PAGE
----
How does the author of the following extracts use language to convey changes and contrasts in mood and meaning.
In the passage ‘A Fable for Tomorrow’ Rachel Carson conveys changes in moods through a variety of methods. She attacks the reader’s senses using visual and audio descriptions, alliteration and the use of positive and negative wording and sentences. I will demonstrate how she achieves this through close analysis of the extract.
The title of the passage ‘A Fable for Tomorrow’ evokes morally instructive childhood fairytales in which characters typically learn lessons from others mistakes and through subtle messages. This is what I think the author is aiming for. Carson’s use of ‘tomorrow’ warns us what will happen if we do not take heed of her words.Order now
Throughout the first paragraph the reader’s visual senses are assaulted through imagery. ‘White clouds of bloom’ brings to mind cotton wool drifting above the different coloured fields during the spring. The author describes the changing of the seasons and the beginning of the paragraph brings to mind the traditional images of spring and the beginnings of new life. The paragraph uses positive language, long sentences, positive images, words and alliteration. ‘lamed and flicked’ makes you visualise the fiery colours of autumn, whilst the deer in the mist submerges you in an unspoiled wilderness. The strong wording of ‘seemed to live in harmony’ is important as Carson suggests it is hard for people to live in harmony with the countryside. The author goes on to describe a winter and in this community even winter is beautiful, ‘delighted the traveller’s eye’ and ‘the roadsides were places of beauty’.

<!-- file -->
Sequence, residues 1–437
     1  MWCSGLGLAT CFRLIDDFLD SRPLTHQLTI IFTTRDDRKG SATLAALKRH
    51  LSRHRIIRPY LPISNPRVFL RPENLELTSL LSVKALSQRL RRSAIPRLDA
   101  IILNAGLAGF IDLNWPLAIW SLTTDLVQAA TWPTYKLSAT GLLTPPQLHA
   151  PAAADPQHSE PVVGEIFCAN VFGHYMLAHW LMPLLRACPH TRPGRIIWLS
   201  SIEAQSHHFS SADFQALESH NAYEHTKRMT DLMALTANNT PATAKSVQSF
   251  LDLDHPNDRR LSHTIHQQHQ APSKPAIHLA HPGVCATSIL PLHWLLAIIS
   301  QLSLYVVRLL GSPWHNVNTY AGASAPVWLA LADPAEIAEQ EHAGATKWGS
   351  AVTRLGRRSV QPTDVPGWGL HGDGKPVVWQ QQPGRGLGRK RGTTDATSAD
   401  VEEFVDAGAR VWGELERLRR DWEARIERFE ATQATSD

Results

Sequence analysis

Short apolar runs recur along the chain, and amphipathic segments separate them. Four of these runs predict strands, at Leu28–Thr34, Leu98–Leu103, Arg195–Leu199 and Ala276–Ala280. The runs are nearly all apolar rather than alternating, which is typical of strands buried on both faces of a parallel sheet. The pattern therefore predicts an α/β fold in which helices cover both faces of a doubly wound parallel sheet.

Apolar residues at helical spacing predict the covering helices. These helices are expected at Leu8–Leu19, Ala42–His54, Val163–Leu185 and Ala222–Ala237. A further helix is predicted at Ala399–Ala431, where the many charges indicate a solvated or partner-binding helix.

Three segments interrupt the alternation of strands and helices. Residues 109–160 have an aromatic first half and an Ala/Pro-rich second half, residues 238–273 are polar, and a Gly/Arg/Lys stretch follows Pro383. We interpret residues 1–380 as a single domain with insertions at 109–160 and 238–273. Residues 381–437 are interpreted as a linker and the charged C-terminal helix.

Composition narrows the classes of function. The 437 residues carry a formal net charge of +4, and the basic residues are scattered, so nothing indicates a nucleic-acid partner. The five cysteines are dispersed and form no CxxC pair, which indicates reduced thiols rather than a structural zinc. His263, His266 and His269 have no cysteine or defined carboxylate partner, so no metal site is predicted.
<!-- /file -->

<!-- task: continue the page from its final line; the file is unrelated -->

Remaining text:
The second paragraph begins very differently from the first with powerful words such as ‘blight’ which create a sense of foreboding. Shorter sentences become increasingly negative in tone and the alliterations evoke darker ‘mysterious maladies’. Fear is created with statements describing ‘much illness’ and ‘the shadow of death’ bringing about a sense of panic amongst a community living in fear and shock. Carson also plays on the reader’s maternal and paternal instincts by using children and showing that the unknown illness is indiscriminate; ‘the children would be suddenly stricken’ and ‘die within a few hours’.
The story is brought full circle with ‘it was a spring without voices’. This once again plays on the reader’s senses as they are forced to imagine a spring without birdsong; the countryside’s soundtrack. This brings to mind the death of the countryside and visual senses are played on with images of trembling birds, flapping around unable to fly.
The final paragraph tells the reader that this town does not exist but it could, echo the chapters title ‘A Fable for Tomorrow’. It warns the reader that unless they take action, what she has described will occur on a large scale in ‘a substantial number’ of communities. The use of the negative phrases ‘grim spectres’ and ‘tragedy’ drives home the need for action.
Carson manages to convey changes and contrasts in mood successfully through a number of methods; playing on the reader’s senses and instincts is the most powerful, used throughout the entire chapter, this makes the reader take notice of what she is saying. The strong wording and alliteration is another successful method of conveying her message. The positive, longer sentences at the beginning and the shorter, increasingly negative tone of the later strong end stopped sentences, creates strong contrasting moods and tell us what is happening.